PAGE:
Talented crop of young aces rapidly narrowing the gap on vaunted Big 3
China is bearing witness to a discernible power shift at the top of men’s tennis as a surging youth brigade is gaining ground more quickly than expected.
Roger Federer, Rafael Nadal and Novak Djokovic have maintained a veritable stranglehold on the majors for the past decade, but the ATP is now straddling a chasm, with one foot firmly planted on the Big 3 and the other nudging the new crop into uncharted territory, wondering what the landscape will look like once the three titans retire.
The recent strong run by the post-1990 generation, highlighted by clean sweeps of all semifinal berths at two straight tournaments in China, indicates the change is happening even with the mighty trio still in their prime.
Last week’s Rolex Shanghai Masters, the only ATP 1000 Masters event held in Asia, featured four semifinalists-Germany’s Alexander Zverev, Stefanos Tsitsipas of Greece, Russian Danill Medvedev and Italy’s Matteo Berrettini-all born after 1995 for the first time in the event’s 11-year history and only the second time in the history of the 1000 series.
In Medvedev, the tournament also got its first champion in 10 years not named Federer, Djokovic or (Britain’s former world No 1 Andy) Murray.
The Russian beat fifth seed Zverev 6-4, 6-1 in his sixth straight tour-level final on Sunday at Qizhong Tennis Center in western Shanghai.
The China Open, an ATP 500 event, also saw four post-90 players-Tsitsipas, Zverev, Austria’s world No 5 Dominic Thiem and Russian No 9 Karen Khachanov-meet in the semis in Beijing a week before.
Although still far ahead when it comes to accumulated success at the Grand Slam level, the Big 3 said in Shanghai the gap between them and the next wave has become almost negligible.
“They’re knocking on the door big time, the young guys,” Federer said after his three-set loss to Zverev in the quarterfinals.
“It’s an exciting time in tennis. Nothing new there… they’re great. It’s really open now.”
With his hard-fought win over the 38-year-old Swiss legend, Zverev, 22, became just the third player on the tour to face Federer at least seven times and emerge with a winning record (4-3) against the 20-time major winner, joining world No 1 Djokovic (26-22) and No 2 Nadal (24-16).
The Big 3 have combined to clam 53 of the past 62 Grand Slam singles titles, stretching back to Wimbledon in 2004-more often than not facing each other in the finals.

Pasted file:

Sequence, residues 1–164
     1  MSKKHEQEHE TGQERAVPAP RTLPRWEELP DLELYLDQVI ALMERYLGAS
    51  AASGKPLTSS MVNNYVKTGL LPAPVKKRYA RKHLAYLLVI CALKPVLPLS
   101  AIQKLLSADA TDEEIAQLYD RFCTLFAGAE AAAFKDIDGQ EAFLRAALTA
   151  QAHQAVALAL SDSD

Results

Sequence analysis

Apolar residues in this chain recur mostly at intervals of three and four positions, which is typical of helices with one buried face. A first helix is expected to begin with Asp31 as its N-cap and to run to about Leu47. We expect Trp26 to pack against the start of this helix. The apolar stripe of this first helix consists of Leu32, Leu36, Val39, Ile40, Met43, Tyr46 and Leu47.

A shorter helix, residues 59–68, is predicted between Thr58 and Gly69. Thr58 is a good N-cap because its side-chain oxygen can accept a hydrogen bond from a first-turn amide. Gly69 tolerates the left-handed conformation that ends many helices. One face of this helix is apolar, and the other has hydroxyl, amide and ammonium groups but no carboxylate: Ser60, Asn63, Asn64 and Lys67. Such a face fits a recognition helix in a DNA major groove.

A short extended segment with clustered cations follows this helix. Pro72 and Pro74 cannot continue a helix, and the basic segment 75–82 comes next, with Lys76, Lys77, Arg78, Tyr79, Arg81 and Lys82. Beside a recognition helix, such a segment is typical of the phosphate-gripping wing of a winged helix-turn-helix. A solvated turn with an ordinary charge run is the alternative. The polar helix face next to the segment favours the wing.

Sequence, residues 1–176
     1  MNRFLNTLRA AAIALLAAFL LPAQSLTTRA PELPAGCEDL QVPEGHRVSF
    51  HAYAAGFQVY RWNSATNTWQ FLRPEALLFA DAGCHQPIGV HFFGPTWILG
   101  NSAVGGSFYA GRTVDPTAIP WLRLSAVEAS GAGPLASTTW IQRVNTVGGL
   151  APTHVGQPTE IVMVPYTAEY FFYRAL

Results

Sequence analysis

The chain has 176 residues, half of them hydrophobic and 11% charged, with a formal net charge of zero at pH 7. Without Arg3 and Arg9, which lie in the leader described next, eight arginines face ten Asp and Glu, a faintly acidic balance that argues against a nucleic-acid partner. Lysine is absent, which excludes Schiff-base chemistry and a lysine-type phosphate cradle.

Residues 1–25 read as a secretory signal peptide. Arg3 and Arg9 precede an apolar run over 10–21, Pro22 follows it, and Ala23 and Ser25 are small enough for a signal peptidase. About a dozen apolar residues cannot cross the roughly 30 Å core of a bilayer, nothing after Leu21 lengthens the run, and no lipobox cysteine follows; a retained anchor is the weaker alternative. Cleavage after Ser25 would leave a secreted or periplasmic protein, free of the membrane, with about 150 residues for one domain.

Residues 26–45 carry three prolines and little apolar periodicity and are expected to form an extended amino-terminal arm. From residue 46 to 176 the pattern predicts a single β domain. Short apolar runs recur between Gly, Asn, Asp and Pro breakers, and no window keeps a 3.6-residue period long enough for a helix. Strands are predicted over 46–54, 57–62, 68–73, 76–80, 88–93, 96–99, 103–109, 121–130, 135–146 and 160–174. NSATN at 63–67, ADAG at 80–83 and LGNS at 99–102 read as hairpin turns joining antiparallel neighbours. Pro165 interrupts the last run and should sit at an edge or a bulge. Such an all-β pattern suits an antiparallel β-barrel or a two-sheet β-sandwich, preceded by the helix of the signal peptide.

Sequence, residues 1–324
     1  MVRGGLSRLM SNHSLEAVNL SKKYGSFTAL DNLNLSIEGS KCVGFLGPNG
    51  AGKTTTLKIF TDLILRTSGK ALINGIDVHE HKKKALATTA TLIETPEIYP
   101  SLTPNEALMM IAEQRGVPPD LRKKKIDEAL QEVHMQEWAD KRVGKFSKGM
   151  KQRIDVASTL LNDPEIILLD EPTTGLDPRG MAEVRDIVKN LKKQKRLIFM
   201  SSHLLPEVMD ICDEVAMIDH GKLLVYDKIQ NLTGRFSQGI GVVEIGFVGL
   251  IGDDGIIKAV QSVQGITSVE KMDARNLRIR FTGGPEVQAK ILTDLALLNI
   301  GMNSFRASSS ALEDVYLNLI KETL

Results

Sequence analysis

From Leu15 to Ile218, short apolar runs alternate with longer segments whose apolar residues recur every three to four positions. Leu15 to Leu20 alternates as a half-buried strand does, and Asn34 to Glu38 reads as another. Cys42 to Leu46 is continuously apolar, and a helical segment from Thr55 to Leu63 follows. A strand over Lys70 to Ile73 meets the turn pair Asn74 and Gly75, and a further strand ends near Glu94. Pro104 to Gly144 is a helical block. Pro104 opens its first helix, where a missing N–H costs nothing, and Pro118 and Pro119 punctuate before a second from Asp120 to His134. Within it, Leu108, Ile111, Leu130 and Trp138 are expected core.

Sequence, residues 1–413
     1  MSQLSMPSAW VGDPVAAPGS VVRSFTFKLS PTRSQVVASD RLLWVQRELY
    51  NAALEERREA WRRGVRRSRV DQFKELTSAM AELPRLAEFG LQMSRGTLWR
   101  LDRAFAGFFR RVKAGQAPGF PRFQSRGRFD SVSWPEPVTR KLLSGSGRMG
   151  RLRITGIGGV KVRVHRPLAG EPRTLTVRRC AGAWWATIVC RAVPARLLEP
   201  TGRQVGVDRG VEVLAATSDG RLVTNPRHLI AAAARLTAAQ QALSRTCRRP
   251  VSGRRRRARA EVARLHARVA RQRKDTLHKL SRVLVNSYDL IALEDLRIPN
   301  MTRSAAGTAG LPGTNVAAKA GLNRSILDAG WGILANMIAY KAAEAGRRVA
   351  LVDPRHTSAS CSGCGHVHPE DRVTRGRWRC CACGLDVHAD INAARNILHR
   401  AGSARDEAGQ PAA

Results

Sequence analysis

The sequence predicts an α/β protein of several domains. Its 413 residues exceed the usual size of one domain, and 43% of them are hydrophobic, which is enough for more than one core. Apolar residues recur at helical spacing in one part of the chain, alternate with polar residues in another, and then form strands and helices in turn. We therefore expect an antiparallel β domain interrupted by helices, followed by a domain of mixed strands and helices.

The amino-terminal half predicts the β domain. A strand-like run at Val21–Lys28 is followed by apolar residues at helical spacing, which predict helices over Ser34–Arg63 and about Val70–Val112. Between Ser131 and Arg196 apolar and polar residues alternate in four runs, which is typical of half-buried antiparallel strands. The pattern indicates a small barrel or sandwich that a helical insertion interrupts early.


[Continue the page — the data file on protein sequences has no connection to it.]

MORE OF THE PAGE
Their momentum in this season’s finishing stretch serves notice that next year will be extremely intriguing at the major level, Zverev reckoned.
“To be honest, I think a new Grand Slam champion will soon appear,” said the German, who won last year’s ATP Finals. “Next year, maybe the following year, but in the next two years I think 100 percent it will happen.”
Tsitsipas, who overcame a first-set scare to stun Djokovic in a three-set quarterfinal victory to lead 2-1 in his career against the Serbian 16-time Grand Slam champion, could be that guy.
Chasing success against the Big 3 is helping him shake off the fear factor, once an obstacle for him to bring out his best, said the 21-year-old Greek.
“I always dreamed of beating those players, and I see each match as an opportunity to bring out my best … it’s a very big boost,” added Tsitsipas, who upset Nadal in the semis at the Masters 1000 Madrid after defeating Federer in the quarterfinals at the Australian Open.
“I honestly feel like they are more threatened than I am, and I think also that kind of makes me more relaxed out on the court.
“Once you get aggressive and they see that you’re really going for it, I might even say they get a bit scared.”
German legend Boris Becker, a three-time Grand Slam winner and former world No 1, is encouraging the next generation to dare to think big in order to get over the mental hurdle of facing the maestros.
“It’s not the forehands, it’s not the fitness-it’s a certain mentality, an attitude that makes the difference between winning and losing,” said the 51-year-old winner of 49 ATP titles.
Coming up together, the current crop of youngsters also find motivation in each other’s success.
“I think in the final of the US Open, Daniil played a great match,” Italy’s Berrettini said of Medvedev’s five-set loss to Nadal in his major final debut in New York last month.
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“That’s motivation. I was playing with Daniil, Karen and Borna (Coric) in the juniors. They started to win titles and I said to myself, ‘I can do that’. We are helping each other to get those achievements and it’s really nice to have this kind of competition,” said Berrettini, who lost to Zverev in straight sets in the Shanghai semis.